It is empowering for women to feel they are not alone, and that they are being heard. Creating female peer-to-peer networks serves to inspire others, share strength, and build a global support system. I’m excited to see that this conversation is ongoing on many online forums and in different capacities. I’m grateful to the organizing and program committees of IUFC for accepting our proposal to present at this event.
Lastly, our panel at WFUF in Mantova, Italy, was hosted by the U.S. Forest Service Office of International Programs, introduced by Rachel Sheridan,Program Specialist, U.S. Forest Service International Programs; and facilitated again by Dr. Lindsay Campbell, Research Social Scientist, U.S. Forest Service. In addition to myself, panelists included: Elida Fundi, Community Development Specialist, Tanzania Community Forest Conservation Network (Tanzania); Radmila Ustych, Economic Specialist, NGO FORZA Agency of sustainable development of Carpathian region(Ukraine); Rossana Landa, Program Manager, Fondo Mexicano para la Conservacion de la Naturaleza (Mexico); and Maria Arroyave, Assistant Professor of Environmental Engineering at Universidad EIA in Envigado (Columbia).
What was particularly eye-opening to me during the WFUF panel, was hearing from international colleagues about the differences in how women experience gender inequity. One of the main questions with which we contended was: What are some of the greatest challenges or barriers facing women in urban forestry and natural resource management in your country? Responses ranged and included issues of discrimination, lack of infrastructure, racism, and more. Where in North America we deal with more glass ceiling issues such as pay gap and promotion bias, in the other countries represented, panelists described conditions of severe poverty, and physical violence against women.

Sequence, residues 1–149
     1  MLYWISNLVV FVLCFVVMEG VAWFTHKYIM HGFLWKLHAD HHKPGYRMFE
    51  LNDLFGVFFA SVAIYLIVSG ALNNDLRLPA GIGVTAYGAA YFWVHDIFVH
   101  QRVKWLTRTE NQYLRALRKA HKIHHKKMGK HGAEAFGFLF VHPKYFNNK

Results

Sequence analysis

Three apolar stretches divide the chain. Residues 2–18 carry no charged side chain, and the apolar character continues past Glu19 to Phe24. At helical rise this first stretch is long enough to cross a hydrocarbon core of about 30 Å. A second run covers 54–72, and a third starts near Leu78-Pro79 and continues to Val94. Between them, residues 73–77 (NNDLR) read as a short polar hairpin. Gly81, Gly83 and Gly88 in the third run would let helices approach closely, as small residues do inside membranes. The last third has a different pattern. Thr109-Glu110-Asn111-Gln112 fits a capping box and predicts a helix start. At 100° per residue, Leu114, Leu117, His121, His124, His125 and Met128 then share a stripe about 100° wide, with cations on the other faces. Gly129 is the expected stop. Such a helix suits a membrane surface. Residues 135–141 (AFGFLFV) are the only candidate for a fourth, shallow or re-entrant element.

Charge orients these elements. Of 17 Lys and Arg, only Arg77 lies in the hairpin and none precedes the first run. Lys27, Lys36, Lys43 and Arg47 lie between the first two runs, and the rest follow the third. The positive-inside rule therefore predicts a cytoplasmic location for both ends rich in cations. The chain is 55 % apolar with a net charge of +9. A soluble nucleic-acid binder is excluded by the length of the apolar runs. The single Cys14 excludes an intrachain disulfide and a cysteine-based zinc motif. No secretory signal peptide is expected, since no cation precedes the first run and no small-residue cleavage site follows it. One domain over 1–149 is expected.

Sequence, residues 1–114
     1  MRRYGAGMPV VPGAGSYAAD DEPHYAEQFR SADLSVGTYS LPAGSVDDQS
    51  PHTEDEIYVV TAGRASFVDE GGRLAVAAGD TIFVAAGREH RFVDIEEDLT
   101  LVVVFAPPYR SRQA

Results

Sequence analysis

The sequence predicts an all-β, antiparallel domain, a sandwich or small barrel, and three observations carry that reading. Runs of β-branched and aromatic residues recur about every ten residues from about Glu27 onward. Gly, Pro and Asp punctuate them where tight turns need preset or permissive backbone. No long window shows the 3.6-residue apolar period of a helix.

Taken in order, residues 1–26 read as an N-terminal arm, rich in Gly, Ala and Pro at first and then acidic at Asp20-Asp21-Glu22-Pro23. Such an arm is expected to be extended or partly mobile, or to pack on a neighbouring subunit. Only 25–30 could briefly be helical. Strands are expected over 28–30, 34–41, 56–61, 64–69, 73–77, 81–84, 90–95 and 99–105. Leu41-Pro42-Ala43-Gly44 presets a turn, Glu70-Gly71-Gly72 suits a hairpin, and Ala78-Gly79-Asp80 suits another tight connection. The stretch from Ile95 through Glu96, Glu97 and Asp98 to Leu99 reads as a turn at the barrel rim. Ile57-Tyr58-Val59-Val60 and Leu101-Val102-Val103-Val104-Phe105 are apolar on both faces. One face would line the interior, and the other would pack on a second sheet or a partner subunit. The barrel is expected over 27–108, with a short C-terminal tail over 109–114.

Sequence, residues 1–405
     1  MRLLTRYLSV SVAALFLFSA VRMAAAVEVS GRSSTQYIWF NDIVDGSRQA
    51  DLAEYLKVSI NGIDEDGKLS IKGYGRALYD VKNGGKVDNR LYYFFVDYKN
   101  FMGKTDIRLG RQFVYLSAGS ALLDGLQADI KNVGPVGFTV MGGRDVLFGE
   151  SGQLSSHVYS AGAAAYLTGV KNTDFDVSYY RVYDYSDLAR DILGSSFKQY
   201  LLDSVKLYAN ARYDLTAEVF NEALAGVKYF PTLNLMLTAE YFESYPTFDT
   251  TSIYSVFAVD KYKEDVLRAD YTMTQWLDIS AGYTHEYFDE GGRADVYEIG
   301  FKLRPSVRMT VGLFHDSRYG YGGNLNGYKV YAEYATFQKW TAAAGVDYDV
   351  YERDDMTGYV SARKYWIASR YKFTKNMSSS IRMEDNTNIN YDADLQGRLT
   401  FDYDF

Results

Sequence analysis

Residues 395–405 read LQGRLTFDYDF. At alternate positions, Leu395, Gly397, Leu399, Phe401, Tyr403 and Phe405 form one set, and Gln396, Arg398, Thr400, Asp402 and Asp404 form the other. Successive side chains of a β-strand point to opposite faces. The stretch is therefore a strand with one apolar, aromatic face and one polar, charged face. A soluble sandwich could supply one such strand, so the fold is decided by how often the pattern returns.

During the opening panel of the WFUF conference, Director of Forestry Policy and Resources with the FAO, Eva Muller represented the gender balance on an originally all-male panel. She addressed the need to keep women and children in mind when planning for urban green spaces. The inclusion and overt acknowledgement of gender equity set a tone for the rest of the conference and kept the conversation going throughout the week. I’m grateful to the U.S. Forest Service International Programs Division for inviting me to represent Canada as part of their delegation at this event and supporting my participation. This panel was recorded and is available here.
It has been a great experience to see the positive response to my research, these events, and to our film, Women Branching Out: A diversity of careers in urban forestry and arboriculture, which I produced in collaboration with Fleming College in Ontario. I’m thankful to my academic supervisor and coauthors, Dr. Cecil Konijnendijk, Dr. Lorien Nesbitt, and Barend Lötter, for their contributions and support, and to our UFORIA research team at UBC for helping us workshop some of the initial ideas.
Our industry is comprised of passionate individuals and organizations that work tirelessly to improve our urban trees towards a healthy social ecology on many fronts. I am proud to be part of this journey and of the many diverse people, networks, boards, and affiliations with whom I have the privilege of working, and I will continue to contribute through my various academic and professional endeavours. I welcome any opportunity to advocate for women in arboriculture and urban forestry, share stories, and ensure that a diversity of voices are heard widely.
By Adrina C. Bardekjian, MFC, PhD